71 posts
Worker bee
  • Wedding: June 2010

i am soooo dreading changing my last name.. i know that i will, only because it means so much to my fiance and he’s such a giving and selfless man who keeps making compromises–that i can’t be stubborn about this.. but every time i think about it, i get a little sad.. i love my last name!

Post # 15
Member
507 posts
Busy bee
  • Wedding: February 2010

“What do Canadian (and other women who don’t take their husband’s name) women do about their children’s last names?”

In Puerto Rico (and many Latin America countries) everyone has two last names and no one changes last name upon marriage. Kids get a last name from each of their parents, the first one which is called “apellido paterno” (and it’s usually the primary last name).

Example:

Maria Rodriguez Smith marries James Jones Perez

Maria and James have two kids, Miguel and Susan. Their full names are Miguel Jones Rodriguez and Susan Jones Rodriguez. Their family name is the Jones Rodriguez family.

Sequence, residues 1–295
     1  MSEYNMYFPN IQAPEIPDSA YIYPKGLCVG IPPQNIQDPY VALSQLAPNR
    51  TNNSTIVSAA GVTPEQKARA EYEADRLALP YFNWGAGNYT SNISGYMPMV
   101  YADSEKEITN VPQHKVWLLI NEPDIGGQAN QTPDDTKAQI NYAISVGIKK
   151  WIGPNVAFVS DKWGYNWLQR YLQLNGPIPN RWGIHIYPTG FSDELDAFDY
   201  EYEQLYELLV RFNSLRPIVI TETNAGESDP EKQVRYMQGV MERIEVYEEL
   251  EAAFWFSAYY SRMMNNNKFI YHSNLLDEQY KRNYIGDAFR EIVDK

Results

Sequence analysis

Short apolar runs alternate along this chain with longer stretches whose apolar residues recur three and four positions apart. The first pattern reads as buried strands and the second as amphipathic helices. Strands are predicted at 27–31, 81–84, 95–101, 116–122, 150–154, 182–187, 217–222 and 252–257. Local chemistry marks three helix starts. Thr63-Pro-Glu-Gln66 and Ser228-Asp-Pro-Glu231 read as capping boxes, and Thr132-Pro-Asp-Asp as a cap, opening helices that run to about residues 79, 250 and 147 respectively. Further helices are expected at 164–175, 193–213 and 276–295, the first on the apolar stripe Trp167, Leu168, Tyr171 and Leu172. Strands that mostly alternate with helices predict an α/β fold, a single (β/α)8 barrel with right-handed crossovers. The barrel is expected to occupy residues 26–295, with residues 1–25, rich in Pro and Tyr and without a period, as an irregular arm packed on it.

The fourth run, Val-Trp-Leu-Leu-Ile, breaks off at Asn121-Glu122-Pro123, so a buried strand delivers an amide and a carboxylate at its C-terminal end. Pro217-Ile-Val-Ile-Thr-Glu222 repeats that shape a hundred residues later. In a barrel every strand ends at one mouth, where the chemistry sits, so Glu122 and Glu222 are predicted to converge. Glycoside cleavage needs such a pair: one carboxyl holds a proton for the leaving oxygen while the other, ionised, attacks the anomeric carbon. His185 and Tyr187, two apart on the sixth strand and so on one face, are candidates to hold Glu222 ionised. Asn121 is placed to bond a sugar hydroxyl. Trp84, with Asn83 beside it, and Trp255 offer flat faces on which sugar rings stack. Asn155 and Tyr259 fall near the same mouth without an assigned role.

Flash forward twenty or thirty years and Miguel and Susan are marrying other people and having kids of their own:

Miguel Jones Rodriguez marries Molly Gonzalez Baker and have a kid named Jamie Jones Gonzalez. Their family name is the Jones Gonzalez family.

Susan Jones Rodriguez marries Samuel Martin Munoz and have a kid named Sydney Martin Jones. Their family name is the Martin Jones family.

It’s really not complicated at all once you’re used to it.

Here in the US, since there’s no tradition attached to how multiple last names are passed down, a couple could easily choose which names they want to pass down based on how the names sound together, or what the initials spell out, or how high/low they want the kid to be in an alphabetical list, or whatever other option they want.